"I don't see why you should kick.
Tou got isn.oon with your wife. W asnt
that enough"?" "Oh. the money wa.
enough, but the wife was too much.
?Boston Transcript
??Tou cannot go to any ball tonight/'
"Doctor. I must go." ' Well you II
have to put a porus plaster on your
back." "But. doctor, then I ca n t
wear an evening gown."?Kansas City
"Tou saw Mrs. Flubdub at the
Yea." ,
"What did she wear_ .
"Very little."?St. Louis Globe
"Wall, if you've had ten
perience taking care of children.
think you'll do." . ...
?'I'll lust take a look nt the children
and see if they'll do."?Browning
proprietor (Just demohilired>-Tus
I've been through It?officers cook
two yeara?wounded twice. _
Tommy (tasting the soup* Youre
lucky, mate, it's a wonder they didn t
kill yer.?London Opinion.
"Ladies like most anything to eat
that has mayonnaise on it "
"That's right." assented the drug
g "It's a pity we can't smear it over
Ice cream."?Loulsv ille Courier-Jour
Newitt?Yes, old Goodman's three
boys are a bad lot Two of them at
least ought to be sent to Jail.
Brown?Some redeeming quality
about the third one. eh? _
Newitt?Yes. he's already there.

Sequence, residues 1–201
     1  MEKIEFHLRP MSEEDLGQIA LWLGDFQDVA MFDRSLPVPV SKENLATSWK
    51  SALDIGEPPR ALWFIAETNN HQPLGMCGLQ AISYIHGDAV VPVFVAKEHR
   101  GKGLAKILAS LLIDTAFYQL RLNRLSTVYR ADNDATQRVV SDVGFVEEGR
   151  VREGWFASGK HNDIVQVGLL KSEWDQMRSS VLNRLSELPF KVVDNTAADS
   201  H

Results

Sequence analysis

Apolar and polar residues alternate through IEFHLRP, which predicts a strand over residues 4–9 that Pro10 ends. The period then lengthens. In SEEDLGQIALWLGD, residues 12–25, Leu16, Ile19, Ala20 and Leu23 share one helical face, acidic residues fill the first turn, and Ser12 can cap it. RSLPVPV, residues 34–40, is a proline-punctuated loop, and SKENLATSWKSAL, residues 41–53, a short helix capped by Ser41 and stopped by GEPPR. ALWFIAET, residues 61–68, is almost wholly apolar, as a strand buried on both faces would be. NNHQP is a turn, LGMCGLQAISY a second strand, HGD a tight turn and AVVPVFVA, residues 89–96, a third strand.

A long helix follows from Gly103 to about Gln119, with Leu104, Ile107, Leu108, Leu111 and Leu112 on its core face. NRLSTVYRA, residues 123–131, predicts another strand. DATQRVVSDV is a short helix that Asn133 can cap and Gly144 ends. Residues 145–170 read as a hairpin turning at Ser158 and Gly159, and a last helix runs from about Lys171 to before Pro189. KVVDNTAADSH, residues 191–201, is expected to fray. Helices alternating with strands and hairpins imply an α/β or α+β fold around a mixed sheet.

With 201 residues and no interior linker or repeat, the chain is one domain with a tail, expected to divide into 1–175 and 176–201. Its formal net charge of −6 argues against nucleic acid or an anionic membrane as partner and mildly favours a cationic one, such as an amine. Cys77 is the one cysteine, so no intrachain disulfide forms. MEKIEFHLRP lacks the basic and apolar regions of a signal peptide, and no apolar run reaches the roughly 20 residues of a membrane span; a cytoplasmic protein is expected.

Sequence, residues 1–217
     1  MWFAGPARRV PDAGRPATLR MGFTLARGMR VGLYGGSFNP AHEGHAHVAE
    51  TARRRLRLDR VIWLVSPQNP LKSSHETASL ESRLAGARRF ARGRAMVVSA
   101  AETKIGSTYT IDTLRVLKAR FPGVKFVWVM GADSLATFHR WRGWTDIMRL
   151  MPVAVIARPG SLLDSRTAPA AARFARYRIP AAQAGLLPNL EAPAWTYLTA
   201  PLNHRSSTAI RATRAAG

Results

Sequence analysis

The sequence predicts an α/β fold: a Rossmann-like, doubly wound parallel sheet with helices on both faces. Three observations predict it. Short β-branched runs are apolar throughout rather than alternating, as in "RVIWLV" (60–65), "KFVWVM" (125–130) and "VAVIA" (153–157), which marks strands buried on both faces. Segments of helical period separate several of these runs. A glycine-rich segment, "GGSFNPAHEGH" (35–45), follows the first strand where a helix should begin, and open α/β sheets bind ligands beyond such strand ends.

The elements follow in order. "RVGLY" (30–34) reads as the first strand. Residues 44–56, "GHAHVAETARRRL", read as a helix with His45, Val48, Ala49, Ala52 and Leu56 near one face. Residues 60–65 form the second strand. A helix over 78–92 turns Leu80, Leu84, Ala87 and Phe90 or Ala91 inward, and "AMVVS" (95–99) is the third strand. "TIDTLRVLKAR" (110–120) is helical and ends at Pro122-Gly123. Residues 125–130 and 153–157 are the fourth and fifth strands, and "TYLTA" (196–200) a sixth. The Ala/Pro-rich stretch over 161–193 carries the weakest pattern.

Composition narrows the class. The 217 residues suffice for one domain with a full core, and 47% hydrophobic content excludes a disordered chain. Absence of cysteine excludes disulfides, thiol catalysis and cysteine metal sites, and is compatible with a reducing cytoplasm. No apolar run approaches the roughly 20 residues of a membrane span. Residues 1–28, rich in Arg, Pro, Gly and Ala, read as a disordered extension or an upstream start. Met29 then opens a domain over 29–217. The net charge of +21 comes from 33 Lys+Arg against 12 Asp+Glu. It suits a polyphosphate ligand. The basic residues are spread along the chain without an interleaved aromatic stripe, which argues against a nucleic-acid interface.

Manchuria Will Dock
At Boston, June 19
The transport Manchuria, which
sailed from St. Nazaire, Juno ?. will
dock at Boston. June 1?. instead of
at New Tork, the War Department
announced today. _
The New Amsterdam, from Brest,
is due at New York June 19. and
the Vermont, from Brest, is sched
uled to reach Newport News out
June 20.
New Tork. June
Washingtonians registered at Ne
Tork hotels art: r
H. B. Eastman. Hermitage ?
Kirsch. Breslin: S. B- J S** R
Grand: C. U Burdick. BrortHl. ^
F.~ Elmore. Navarre; G. 1
Park Avenue: S. F. Kittredge. Con
tlnentair J. R?d- KavmrP?? *?
Rosenfeld. Alcaxar; Capt. A. I- ?>?
ders. Broadway Central: B. fcher
bourne. Herald Square.
Washington trade representatives
in New York are: ,
S. Kann Sons and Company.
Fourth avenue, thirteenth no<^'
L Nye. books and stationery: r..
Finnin. notion*. leather goods, Je
elry, toilet goods. 432 Fo_urtl\,a*??l
nut. thirteenth floor; Woodward an
Lathrop. 334 Fourth avenue, seven
tTenth floor. Mrs. J- C.